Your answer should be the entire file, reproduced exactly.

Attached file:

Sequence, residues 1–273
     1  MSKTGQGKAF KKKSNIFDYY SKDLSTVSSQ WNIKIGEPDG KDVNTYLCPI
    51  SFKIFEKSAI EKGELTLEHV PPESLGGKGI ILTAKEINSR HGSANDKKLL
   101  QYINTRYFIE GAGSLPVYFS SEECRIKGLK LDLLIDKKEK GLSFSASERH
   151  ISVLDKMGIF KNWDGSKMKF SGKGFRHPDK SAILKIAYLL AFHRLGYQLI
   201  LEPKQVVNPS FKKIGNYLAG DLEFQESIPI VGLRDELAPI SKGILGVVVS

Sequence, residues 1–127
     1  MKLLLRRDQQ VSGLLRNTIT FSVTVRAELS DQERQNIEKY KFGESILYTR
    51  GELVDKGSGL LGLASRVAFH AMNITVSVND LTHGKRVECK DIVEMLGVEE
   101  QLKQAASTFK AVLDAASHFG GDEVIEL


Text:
Sequence, residues 1–273
     1  MSKTGQGKAF KKKSNIFDYY SKDLSTVSSQ WNIKIGEPDG KDVNTYLCPI
    51  SFKIFEKSAI EKGELTLEHV PPESLGGKGI ILTAKEINSR HGSANDKKLL
   101  QYINTRYFIE GAGSLPVYFS SEECRIKGLK LDLLIDKKEK GLSFSASERH
   151  ISVLDKMGIF KNWDGSKMKF SGKGFRHPDK SAILKIAYLL AFHRLGYQLI
   201  LEPKQVVNPS FKKIGNYLAG DLEFQESIPI VGLRDELAPI SKGILGVVVS

Sequence, residues 1–127
     1  MKLLLRRDQQ VSGLLRNTIT FSVTVRAELS DQERQNIEKY KFGESILYTR
    51  GELVDKGSGL LGLASRVAFH AMNITVSVND LTHGKRVECK DIVEMLGVEE
   101  QLKQAASTFK AVLDAASHFG GDEVIEL